The performance kicks off with the exuberance of children learning through music, with the Lethbridge Children’s Orff Ensemble joining forces with the LSO to bring to life numerous folksongs from across Canada. Then, the awesome power of our largest orchestra so far this season brings a fitting end to the banner 55th. Accompanied by over 200 voices, they will present Carl Orff’s celebrated Carmina Burana!
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Series 6 – Carmina Burana
Carl Orff – Orff Fantasia on Canadian Folk Songs
“Tell me and I forget; show me and I remember; involve me and I understand.” – Chinese proverb
Carl Orff and his colleague Gunild Keetman developed a child-centered and dynamic approach to music education, later implemented by Dorothee Günther at her school in Munich. Orff’s five collections of music were developed into a series called Orff Schulwerk or simply the Orff Appraoch. These collections use a great deal of rhymes, chants, poems, and folk music of the children’s culture.
The Orff philosophy uses sequences of activities beginning with language, rhythm and movement as a way of introducing and teaching children about music, where the primary approach to learning is play. This holistic approach uses singing, speech, dance, movement, listening, creating and playing instruments. Creating and improvising are an integral part of the learning process, with an emphasis on beat, rhythm and in-tune singing. Music is often composed by the children themselves as part of the process and is the unique opportunity for children to show understanding.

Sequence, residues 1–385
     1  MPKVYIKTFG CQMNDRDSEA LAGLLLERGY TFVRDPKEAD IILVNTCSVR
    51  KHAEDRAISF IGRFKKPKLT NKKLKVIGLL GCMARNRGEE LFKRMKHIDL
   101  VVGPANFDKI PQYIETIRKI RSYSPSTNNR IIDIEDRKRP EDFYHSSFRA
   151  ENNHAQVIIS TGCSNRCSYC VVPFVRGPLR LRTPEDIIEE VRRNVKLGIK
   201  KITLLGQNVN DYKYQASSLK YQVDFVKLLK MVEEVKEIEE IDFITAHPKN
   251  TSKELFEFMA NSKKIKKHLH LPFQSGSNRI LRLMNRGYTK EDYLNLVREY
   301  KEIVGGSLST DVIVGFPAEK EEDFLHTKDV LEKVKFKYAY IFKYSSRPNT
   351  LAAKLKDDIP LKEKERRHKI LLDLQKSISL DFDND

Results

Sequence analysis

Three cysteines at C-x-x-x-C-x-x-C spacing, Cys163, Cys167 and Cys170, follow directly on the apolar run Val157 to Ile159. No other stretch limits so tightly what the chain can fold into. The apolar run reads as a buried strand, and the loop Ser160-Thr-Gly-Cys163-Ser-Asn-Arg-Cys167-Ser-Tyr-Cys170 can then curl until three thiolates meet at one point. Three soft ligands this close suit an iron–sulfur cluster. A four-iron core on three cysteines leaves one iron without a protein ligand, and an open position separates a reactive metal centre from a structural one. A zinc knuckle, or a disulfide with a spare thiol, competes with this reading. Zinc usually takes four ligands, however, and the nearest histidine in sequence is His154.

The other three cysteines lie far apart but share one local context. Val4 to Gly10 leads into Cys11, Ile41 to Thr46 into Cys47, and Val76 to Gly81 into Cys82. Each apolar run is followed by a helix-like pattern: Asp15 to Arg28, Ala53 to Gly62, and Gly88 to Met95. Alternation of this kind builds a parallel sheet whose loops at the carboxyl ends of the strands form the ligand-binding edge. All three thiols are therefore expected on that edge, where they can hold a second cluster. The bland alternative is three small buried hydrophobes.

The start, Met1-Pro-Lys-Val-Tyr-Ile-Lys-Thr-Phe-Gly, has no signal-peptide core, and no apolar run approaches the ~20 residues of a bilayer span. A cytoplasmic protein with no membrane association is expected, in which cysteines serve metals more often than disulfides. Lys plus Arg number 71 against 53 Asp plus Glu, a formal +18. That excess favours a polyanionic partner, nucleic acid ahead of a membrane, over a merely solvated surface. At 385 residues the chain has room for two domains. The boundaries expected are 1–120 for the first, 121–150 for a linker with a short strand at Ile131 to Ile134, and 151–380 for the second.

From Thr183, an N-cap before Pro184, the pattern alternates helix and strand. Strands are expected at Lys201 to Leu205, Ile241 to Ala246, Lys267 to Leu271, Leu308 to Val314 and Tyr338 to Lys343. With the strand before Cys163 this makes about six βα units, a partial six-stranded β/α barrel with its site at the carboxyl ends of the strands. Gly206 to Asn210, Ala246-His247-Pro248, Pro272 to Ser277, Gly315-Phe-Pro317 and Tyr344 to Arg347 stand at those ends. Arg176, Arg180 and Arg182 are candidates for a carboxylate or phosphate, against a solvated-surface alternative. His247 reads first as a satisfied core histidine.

Orff Fantasia is a compilation of only a few Canadian folk songs. Teaching Canadian folk songs is a great vehicle to sharing our Canadian heritage and history. The opening piece, Canada: A Speech Canon (J. Sills), gives an overview of all the provinces and territories that make our great nation. The songs unfold from East to West, beginning with songs from Atlantic Canada. Lots of Fish in Bonavist Harbour and I’se the B’y sing of the fishing industry that remains an important part of everyday life today. In central Canada, Land of the Silverbirch and My Paddle are partnered to describe the immense beauty of Ontario.
From our French heritage, we sing Un Canadien Errant, which was written after the Lower Canada rebellions of 1837-38, and tells of the sadness of a life in exile. It has also become associated with the deportation of the Acadians and their deep love for their country. John Kanaka, a song from the lumber tradition, and sometimes known as a sea shanty, is an energetic song that would have entertained the workers in the evenings back at camp. Spirit of the Sun is an Ojibway song from the East, which reflects the First Nations’ place in Canadian history.
As we travel west, Old Grandma tells an amusing account of daily life and the hardships of life on the prairies. Moving into Northern Canada, Dance of Lights is not a Canadian folk song, but was originally composed by Stacy Skretting for her students to support what they learn in Social Studies about Aurora Borealis. My Heart Soars is a poem by Chief Dan George, a well-known Canadian poet and actor, and the music is by Donna Otto of British Columbia. This song is a gentle piece that reminds us of the incredible beauty of the Earth.